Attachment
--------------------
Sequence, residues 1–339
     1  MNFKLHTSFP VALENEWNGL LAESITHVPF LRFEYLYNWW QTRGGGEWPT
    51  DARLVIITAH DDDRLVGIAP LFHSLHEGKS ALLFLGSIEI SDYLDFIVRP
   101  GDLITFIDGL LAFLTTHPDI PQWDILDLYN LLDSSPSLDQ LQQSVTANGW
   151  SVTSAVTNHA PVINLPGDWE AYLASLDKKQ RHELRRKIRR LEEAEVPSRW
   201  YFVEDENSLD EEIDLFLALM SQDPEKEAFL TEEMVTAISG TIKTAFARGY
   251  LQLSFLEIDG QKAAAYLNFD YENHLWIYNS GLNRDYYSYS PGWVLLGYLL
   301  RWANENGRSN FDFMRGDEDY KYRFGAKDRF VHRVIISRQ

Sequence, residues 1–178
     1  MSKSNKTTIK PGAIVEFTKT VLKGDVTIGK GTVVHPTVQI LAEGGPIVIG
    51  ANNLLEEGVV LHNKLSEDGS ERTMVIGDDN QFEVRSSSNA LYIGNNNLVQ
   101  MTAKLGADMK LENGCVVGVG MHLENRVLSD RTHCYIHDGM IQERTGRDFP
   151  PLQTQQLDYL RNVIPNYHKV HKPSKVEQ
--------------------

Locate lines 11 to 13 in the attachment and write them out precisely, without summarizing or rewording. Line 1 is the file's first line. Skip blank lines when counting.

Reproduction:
    51  ANNLLEEGVV LHNKLSEDGS ERTMVIGDDN QFEVRSSSNA LYIGNNNLVQ
   101  MTAKLGADMK LENGCVVGVG MHLENRVLSD RTHCYIHDGM IQERTGRDFP
   151  PLQTQQLDYL RNVIPNYHKV HKPSKVEQ